Capacity Planning Strategies
Capacity planning isn’t a one-size-fits-all approach. Choosing a particular capacity planning strategy depends on factors such as the company’s growth targets, risk tolerance and the kind of products it makes.
This aggressive strategy calls for expanding capacity in anticipation of increased future demand. Manufacturers often use lead capacity planning when they’re aiming to win market share against competitors. If your lead strategy positions you as the only company with a large supply of a product in high demand, you may enjoy a boost in profit and market share. However, a lead capacity planning strategy can be risky if demand doesn’t grow as expected.
This is a more conservative capacity planning approach. Lag capacity planning focuses first on meeting current demand. Only when the company is already operating at its maximum capacity does it add more capacity if demand continues to grow. This strategy lessens the risk of overinvesting in production but also increases the chances of losing revenue and experiencing stockouts.
This moderate strategy, also known as tracking strategy, mixes in elements of both lead and lag strategies. Match planning adjusts capacity by small amounts in response to market trends, as opposed to committing to a big capacity expansion in anticipation of demand growth (lead strategy) or waiting until you have already reached your maximum capacity (lag strategy).
This strategy relies on planning tools that analyze multiple variables, such as demand forecasts, real-time sales data and seasonal trends. The goal is to more accurately adjust capacity in advance of demand. For example, if demand has historically exceeded capacity during the summer, the company may plan to increase capacity during those months.
The Secrets to Mastering Inventory Management
Benefits of Capacity Planning
Capacity planning can deliver many benefits, including lower costs, higher customer satisfaction and a clearer view of future requirements. More specifically, this planning process can:
Reduce operational costs.
Capacity planning facilitates more accurate budgeting and helps minimize waste. It helps companies ensure they’re investing the appropriate amount in materials, equipment, facilities and staff. Capacity planning can also help companies identify potential bottlenecks and other resource problems, so they can adjust operations to increase efficiency.
Achieve on-time delivery.
Effective capacity planning means that adequate resources are available for each job, helping to ensure that production stays on schedule. You can fulfill orders on time and keep customers happy.
Good capacity planning means companies are better able to match supply to demand. It reduces the chance that you’ll run out of in-demand products, which can lead to customer frustration and lost business.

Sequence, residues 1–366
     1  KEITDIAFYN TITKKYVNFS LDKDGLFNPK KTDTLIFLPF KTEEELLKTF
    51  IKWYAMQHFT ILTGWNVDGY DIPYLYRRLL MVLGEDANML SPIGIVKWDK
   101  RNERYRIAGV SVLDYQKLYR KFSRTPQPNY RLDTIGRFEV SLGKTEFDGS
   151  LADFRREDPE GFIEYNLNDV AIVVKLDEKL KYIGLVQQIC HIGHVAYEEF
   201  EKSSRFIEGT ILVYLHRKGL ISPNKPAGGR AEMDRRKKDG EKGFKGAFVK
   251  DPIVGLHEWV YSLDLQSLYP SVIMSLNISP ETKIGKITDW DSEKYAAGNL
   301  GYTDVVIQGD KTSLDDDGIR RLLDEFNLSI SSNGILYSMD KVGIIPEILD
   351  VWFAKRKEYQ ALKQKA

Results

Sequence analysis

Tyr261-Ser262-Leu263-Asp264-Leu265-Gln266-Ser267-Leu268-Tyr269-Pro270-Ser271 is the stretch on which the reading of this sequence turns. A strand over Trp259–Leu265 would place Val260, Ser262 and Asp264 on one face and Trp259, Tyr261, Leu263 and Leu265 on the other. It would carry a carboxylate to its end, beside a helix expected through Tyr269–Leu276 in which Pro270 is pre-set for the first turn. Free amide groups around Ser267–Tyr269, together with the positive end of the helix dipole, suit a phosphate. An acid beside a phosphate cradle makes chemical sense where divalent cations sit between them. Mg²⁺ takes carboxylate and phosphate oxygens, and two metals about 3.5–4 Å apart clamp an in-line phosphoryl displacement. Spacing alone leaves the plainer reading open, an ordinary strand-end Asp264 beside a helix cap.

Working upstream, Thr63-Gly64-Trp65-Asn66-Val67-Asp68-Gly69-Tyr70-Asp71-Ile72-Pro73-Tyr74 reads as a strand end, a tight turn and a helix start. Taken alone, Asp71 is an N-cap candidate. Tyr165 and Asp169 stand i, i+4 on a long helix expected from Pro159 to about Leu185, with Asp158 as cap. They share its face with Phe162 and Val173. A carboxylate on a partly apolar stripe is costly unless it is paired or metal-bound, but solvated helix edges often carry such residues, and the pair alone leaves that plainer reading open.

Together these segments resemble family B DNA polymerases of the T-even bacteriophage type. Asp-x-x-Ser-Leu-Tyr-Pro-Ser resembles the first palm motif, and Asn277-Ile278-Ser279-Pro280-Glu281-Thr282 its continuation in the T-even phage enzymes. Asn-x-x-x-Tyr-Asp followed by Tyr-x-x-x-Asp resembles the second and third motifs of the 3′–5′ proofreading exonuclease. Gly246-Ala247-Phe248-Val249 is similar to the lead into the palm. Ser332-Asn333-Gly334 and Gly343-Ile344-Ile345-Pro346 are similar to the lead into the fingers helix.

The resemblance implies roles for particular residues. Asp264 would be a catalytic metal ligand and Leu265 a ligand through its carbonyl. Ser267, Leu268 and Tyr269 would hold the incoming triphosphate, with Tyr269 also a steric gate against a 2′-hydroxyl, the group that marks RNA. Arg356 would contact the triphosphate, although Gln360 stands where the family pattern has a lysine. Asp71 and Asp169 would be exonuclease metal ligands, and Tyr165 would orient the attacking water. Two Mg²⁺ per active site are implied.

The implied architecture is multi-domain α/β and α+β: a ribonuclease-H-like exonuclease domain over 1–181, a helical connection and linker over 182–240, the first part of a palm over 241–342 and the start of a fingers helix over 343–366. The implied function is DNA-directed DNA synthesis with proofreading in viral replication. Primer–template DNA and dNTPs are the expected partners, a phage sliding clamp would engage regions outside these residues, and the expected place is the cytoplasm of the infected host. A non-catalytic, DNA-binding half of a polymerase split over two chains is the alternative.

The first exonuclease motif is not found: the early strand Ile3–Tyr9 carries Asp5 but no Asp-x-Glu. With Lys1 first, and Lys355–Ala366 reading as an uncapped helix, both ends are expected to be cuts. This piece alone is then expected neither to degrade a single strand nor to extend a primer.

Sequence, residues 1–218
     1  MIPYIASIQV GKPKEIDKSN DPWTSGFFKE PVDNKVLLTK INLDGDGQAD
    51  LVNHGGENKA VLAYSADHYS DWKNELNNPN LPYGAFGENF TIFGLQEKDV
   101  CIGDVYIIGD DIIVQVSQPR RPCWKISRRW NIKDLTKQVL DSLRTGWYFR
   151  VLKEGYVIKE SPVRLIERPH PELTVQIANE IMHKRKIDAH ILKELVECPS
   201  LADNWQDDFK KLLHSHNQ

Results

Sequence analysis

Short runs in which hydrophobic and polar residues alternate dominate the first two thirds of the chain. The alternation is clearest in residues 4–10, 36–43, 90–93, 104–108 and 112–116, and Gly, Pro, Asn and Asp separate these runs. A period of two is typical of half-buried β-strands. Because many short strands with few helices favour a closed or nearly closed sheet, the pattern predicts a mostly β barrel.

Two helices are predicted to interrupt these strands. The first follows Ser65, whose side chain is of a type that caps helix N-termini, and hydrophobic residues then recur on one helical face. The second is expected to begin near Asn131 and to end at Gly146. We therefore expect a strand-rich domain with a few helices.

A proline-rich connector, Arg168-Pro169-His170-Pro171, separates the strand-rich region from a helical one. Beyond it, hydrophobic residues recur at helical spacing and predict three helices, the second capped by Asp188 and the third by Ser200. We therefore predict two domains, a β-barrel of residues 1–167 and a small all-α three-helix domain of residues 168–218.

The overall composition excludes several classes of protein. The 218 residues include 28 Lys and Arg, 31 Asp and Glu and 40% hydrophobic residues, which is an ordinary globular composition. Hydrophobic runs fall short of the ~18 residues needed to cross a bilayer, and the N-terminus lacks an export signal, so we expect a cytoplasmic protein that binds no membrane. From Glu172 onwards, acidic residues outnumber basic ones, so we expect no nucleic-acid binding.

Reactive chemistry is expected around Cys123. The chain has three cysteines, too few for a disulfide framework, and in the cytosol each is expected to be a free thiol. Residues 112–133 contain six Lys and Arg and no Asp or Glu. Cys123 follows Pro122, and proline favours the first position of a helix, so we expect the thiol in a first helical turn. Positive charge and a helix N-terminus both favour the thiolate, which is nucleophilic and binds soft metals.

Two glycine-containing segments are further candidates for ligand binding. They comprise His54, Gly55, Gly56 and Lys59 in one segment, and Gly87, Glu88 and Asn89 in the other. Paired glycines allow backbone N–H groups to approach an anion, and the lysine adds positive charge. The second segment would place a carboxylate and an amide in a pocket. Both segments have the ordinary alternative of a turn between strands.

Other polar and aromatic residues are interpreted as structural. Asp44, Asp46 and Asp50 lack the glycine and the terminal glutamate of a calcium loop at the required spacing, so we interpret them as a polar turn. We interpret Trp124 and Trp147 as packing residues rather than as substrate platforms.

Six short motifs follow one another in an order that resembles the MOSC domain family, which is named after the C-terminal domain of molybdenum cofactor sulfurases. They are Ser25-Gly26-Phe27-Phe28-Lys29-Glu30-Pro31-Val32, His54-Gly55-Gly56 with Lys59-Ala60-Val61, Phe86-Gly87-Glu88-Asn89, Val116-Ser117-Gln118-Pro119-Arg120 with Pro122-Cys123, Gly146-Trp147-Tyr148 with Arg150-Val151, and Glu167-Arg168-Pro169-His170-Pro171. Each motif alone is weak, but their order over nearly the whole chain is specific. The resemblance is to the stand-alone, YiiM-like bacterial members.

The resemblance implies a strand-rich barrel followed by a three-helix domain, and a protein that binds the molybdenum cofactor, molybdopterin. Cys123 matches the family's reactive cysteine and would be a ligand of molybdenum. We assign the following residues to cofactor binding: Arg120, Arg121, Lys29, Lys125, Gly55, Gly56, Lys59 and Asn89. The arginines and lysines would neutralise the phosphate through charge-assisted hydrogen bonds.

Inventory skill sets.
Part of capacity planning involves spelling out the skills needed to make your company’s products. A good plan forecasts skill requirements and incorporates any training needed for employees as well as expertise you’ll need to acquire from outside sources.
Provide a blueprint for growth.
Capacity planning provides a blueprint for the company’s future expansion. It determines the facilities, equipment and people you’ll need to meet demand as the company grows. That helps you plan your growth over time. For example, you can better identify potential new locations that offer the resources you need.
3 Steps to Capacity Planning
Capacity planning can be divided into three broad steps: What capacity do I need? What do I already have? And what changes are needed going forward?
Assess capacity requirements.
How much capacity will you need to meet your anticipated demand, and when will you need it? How many items will you need to make in a day? Consult your forecasts and production schedule to help determine how much production capacity you’ll need.
Understand current capacity.
Understanding current capacity provides a realistic expectation of what the company can produce. This requires an analysis of the company’s actual performance, not just its theoretical maximum capacity. How efficiently does the company use its capacity? Does it achieve a consistent level of use or is performance inconsistent? Analyze actual versus predicted process performance and calculate which parts of each process take the most time.
Create a plan for the future.
After analyzing your current capacity, it’s time to determine how you’ll move forward. Do you need additional capacity to meet demand? How much? Look at alternatives for adding capacity, such as adding equipment, streamlining workflows or expanding the workforce. Considering different scenarios based on demand forecasts and actual demand can help determine the production plan that’s most likely to meet demand with the lowest risk.
Capacity Planning Examples
A company makes pool toys and related products, including inflatable pools, rafts, beach balls, goggles and kickboards. Demand is seasonal, expanding in summer and shrinking in winter. So the company examines historical data and current market trends to estimate the capacity it will need. The historical data shows how many of each item the company produced and indicates whether that production resulted in excess products or a shortage.
Based on its research, the company sets a goal of producing 40,000 items in each product category. Its production process can make only one type of product at a time. Historical data indicates that the company can consistently achieve the following hourly production rates:
- Inflatable pools: 25 per hour
- Rafts: 50 per hour
- Beach balls: 100 per hour
- Goggles: 40 per hour
- Kickboards: 50 per hour
The company aims to keep its staffing and equipment resources the same as in the past: 50 employees who each work 30 hours a week, totaling 1,500 work hours per week.
Based on the project requirements that call for producing 40,000 of each item, here’s how much capacity the company needs:
- Inflatable pools: 40,000 / 25 = 1,600 work hours needed
- Rafts: 40,000 / 50 = 800 work hours needed
- Beach balls: 40,000 / 100 = 400 work hours needed
- Goggles: 40,000 / 40 = 1,000 work hours needed
- Kickboards: 40,000 / 50 = 800 work hours needed
That’s 4,600 total work hours needed. Since employees work a total of 1,500 hours per week, this project would take a little more than three weeks to complete.
That timeline doesn’t account for potential hiccups along the way, such as supply chain delays, unplanned resource changes, equipment breakdowns or employee absences. Plus, the company needs to factor in the amount of time it takes to change out the materials and reconfigure equipment for each product. So, the final plan may call for about four weeks or possibly even more to complete production.